MENDOCINO Co, CA, 3/21/23 — A familiar species Mendocino County residents will recognize as absent from our shores over the past decade could now be listed under the Endangered Species Act (ESA), the National Oceanic and Atmospheric Administration (NOAA) announced last week. The agency has proposed listing the sunflower sea star (Pycnopodia helianthoides) as “threatened”; public comment on the ruling will be open until May 15, after which point NOAA will make a final decision.
Scientists still don’t know precisely what caused the 2013 outbreak of Sea Star Wasting Syndrome that had dire consequences for sunflower stars, a 24-armed urchin predator the loss of which has contributed significantly to kelp decline in California, throwing underwater ecosystems out of whack. But rapid change in water temperature, decreased pH, and pollution are all potential contributing factors.
“The science indicates that warmer temperatures and other stressors fueling disease are pushing this species towards an elevated risk of extinction,” said Chris Yates, assistant regional administrator for protected resources in NOAA Fisheries’ West Coast Region, in a news release on the proposed ruling. “Listing the species as threatened may not stop the warming, but it does mean that we will look for ways to conserve the species where it still has a chance to survive as part of our rich coastal ecosystem.”
Transmitted both by physical contact and through water, the syndrome’s impacts on stars were grisly. Infected stars developed white lesions, lost the ends of their arms, and dissolved into goo in a matter of days.
Many local star species are rebounding after the syndrome, according to assessments conducted by The Noyo Center for Marine Science and The Nature Conservancy over the past year. But sunflower stars don’t seem to be resurging on their own. When professional urchin diver Grant Downie spotted just one in the subtidal zone in December 2022, it was big news for the Mendocino coast. Scientists estimate that sunflower stars saw population declines of between 80 and 100% across their habitat range, or some 7.75 billion stars, with the largest concentration surviving in the northern waters of Alaska and the Aleutian Islands.
Vienna Saccomanno, an ocean scientist at The Nature Conservancy (TNC), was one partner in a monumental effort to gather data on sunflower stars’ dramatic population loss over the past decade.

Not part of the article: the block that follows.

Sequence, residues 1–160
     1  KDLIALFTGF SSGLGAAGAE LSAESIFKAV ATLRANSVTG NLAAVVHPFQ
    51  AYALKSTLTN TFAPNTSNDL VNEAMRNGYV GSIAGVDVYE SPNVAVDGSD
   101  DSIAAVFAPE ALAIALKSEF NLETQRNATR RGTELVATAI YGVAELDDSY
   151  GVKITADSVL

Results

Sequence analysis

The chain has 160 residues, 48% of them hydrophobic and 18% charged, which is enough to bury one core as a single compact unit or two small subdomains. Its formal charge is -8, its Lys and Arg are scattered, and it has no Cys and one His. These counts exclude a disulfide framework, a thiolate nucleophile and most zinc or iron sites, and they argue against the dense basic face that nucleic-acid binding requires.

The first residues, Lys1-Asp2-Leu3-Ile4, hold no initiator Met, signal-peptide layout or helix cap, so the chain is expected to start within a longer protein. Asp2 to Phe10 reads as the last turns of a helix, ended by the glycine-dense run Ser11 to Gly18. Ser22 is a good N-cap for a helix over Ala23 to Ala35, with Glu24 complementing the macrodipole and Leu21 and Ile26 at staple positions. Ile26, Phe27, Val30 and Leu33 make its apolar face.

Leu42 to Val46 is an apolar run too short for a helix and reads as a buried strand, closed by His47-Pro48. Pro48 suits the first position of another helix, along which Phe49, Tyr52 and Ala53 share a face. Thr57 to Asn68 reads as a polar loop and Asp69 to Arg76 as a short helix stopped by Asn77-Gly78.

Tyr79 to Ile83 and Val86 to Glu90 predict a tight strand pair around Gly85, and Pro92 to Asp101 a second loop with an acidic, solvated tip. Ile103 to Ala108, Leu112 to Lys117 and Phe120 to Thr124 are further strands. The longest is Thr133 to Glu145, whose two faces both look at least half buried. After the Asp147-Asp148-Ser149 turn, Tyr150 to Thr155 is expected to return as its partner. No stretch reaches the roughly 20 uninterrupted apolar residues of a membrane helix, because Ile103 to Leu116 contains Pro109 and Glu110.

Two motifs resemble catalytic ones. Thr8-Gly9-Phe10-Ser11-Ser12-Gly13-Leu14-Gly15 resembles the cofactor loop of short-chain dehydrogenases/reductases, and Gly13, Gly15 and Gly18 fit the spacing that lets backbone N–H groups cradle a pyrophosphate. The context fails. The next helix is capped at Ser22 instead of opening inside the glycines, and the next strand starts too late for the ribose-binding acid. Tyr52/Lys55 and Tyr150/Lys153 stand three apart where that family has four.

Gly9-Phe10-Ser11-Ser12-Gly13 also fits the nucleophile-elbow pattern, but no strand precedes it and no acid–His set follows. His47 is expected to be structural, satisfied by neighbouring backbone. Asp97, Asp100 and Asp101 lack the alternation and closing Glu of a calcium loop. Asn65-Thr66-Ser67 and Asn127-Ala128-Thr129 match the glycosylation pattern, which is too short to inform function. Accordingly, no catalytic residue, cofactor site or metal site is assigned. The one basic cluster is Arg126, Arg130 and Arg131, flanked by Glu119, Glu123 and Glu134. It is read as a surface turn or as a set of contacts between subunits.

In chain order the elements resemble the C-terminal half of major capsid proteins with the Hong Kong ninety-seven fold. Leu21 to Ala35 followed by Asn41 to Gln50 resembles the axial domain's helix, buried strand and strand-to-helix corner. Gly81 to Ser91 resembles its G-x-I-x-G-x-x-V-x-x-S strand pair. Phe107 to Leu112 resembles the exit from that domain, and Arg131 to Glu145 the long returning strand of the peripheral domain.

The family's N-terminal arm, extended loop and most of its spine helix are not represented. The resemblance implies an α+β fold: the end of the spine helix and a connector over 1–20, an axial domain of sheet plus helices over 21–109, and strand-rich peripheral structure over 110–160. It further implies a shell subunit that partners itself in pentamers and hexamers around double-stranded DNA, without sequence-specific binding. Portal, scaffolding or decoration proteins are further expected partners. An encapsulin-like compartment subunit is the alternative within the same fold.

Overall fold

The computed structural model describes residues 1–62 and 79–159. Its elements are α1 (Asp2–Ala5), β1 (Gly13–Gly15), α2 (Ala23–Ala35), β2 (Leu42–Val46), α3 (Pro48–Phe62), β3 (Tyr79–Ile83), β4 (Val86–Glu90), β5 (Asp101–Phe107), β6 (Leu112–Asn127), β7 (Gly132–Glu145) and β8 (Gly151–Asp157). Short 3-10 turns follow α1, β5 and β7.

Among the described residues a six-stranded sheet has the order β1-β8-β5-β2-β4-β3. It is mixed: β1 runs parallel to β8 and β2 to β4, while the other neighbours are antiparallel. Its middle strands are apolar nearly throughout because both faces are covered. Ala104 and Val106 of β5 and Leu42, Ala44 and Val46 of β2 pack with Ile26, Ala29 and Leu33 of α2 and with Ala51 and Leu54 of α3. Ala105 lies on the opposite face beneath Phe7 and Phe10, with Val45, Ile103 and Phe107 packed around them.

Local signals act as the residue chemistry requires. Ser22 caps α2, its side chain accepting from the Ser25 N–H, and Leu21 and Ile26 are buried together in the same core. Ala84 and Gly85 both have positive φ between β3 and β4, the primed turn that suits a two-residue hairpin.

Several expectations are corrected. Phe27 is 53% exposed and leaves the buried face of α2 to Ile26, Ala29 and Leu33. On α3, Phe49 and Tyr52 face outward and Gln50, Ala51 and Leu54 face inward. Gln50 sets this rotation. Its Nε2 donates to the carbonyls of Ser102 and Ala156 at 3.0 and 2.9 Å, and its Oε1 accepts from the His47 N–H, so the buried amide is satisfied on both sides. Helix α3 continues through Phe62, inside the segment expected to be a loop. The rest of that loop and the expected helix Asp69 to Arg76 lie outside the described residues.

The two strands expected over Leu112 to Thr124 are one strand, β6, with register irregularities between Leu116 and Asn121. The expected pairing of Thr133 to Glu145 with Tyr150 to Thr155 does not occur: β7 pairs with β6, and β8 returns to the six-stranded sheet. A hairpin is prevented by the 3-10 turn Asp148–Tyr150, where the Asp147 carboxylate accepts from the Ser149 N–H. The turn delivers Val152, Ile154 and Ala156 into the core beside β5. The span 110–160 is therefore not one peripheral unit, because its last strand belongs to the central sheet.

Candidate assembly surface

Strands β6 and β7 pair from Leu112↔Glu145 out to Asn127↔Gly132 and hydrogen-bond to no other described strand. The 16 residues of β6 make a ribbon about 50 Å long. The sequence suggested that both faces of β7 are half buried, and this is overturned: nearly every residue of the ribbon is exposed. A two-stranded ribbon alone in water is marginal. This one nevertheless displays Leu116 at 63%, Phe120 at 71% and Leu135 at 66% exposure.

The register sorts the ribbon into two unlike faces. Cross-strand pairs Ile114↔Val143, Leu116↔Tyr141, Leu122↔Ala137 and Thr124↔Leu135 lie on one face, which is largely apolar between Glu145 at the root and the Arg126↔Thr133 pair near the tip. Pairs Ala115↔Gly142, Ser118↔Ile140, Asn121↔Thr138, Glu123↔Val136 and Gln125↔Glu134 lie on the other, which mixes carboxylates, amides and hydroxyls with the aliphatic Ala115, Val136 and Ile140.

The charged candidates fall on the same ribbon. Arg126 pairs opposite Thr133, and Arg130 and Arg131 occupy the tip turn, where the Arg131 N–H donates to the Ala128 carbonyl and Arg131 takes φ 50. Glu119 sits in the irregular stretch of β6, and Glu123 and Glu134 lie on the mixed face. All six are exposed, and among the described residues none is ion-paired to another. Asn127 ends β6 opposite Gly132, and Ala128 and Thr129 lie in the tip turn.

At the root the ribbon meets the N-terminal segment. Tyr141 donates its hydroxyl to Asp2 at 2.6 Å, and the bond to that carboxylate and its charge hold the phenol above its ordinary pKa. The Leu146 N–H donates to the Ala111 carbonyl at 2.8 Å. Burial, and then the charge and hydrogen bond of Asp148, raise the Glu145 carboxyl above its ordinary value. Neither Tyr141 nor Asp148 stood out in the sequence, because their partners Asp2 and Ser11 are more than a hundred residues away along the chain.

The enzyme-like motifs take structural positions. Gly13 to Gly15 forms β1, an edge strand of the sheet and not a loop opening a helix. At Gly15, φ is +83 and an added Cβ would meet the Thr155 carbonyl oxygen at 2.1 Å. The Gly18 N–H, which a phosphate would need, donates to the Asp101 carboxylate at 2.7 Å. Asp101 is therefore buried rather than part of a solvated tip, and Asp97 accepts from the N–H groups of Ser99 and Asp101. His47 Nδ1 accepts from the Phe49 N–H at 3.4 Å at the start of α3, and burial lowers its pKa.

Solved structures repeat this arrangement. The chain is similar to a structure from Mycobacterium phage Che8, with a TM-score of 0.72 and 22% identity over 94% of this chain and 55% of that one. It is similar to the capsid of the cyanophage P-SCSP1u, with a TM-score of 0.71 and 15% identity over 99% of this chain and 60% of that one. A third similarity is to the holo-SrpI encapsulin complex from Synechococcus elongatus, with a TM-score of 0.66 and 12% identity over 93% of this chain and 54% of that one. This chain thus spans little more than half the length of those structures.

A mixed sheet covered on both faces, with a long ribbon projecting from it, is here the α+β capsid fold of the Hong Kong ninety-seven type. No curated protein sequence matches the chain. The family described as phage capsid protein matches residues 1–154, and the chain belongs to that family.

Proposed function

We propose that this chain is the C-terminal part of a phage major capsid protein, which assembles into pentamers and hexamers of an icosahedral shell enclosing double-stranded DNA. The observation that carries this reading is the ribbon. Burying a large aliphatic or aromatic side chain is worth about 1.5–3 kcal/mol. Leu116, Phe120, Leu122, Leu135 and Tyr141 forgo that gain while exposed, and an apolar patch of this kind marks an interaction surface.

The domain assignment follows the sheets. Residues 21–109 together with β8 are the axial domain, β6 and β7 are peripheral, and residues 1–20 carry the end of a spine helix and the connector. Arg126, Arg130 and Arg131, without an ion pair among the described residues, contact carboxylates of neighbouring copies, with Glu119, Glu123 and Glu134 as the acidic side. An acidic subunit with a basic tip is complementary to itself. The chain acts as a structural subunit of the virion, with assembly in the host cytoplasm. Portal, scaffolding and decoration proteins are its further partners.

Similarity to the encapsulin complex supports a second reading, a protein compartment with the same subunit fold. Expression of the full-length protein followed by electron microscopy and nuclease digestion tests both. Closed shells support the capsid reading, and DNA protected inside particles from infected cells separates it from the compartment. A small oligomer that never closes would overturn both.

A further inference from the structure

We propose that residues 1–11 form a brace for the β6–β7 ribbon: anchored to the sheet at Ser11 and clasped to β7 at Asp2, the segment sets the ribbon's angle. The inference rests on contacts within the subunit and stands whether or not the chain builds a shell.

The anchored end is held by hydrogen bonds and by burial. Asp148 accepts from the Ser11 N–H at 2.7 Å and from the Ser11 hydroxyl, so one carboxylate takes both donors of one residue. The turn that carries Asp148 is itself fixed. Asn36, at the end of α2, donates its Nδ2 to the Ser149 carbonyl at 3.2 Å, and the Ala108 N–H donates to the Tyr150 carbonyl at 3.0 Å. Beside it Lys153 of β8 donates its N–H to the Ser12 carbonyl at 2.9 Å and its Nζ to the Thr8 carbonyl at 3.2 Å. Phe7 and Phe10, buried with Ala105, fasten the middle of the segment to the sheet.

“Science at this scale included nearly 70 people from over 60 institutions, hailing from four countries and five First Nations,” she told The Mendocino Voice. TNC and Oregon State University’s team, led by Sarah Gravem, worked to collate those many disparate surveys and studies to provide a clear picture of the stars’ decline.
In August of 2021, the Center for Biological Diversity petitioned to list the sunflower star as endangered or threatened, calling the loss a “‘zombie apocalypse’ of the sea.” Pycnopodia has since been listed as critically endangered by the International Union for Conservation of Nature and Natural Resources (IUCN).
Out of its Pycnopodia Recovery Working Group, TNC has created a Roadmap to Recovery for the Sunflower Sea Star, highlighting solutions such as Friday Harbor Laboratories’ work to rear juvenile stars in labs and eventually, reintroduce them to the ocean. An ESA listing would provide enhanced backing for these efforts.
“We [would have], really, the full weight of the U.S. federal government behind recovering the species,” Saccomanno explained. This would include a plan from NOAA with species recovery goals, periodic monitoring and evaluation, support for community-wide efforts to recover the species, and potential grants to aid in recovery operations, she detailed, saying the support would be “mission-critical.”
The likelihood of an ESA listing gives Saccomanno a lot of hope that these “grizzly bears” of their underwater ecosystem could return.
“I am one of many really passionate people about recovering [pycnopodia] for its own intrinsic value,” she said. “And for that it confers on important ecosystems, that both people and nature rely on. For me, this week has been kind of surreal in many ways, thinking back on the last five years of intensive science and collaboration with our partners. … It’s pretty surreal to watch all that effort culminate in this very important milestone for recovery, which of course, is just a milestone because now it’s — excitingly — time to do the work to recover the species.”
Note: Kate Fishman covers the environment & natural resources for The Mendocino Voice in partnership with a Report For America. Her position is funded by the Community Foundation of Mendocino, Report for America, & our readers. You can support Fishman’s work with a tax-deductible donation here or by emailing [email protected]. Contact her at KFishman@mendovoice.com or at (707) 234-7735. The Voice maintains editorial control and independence.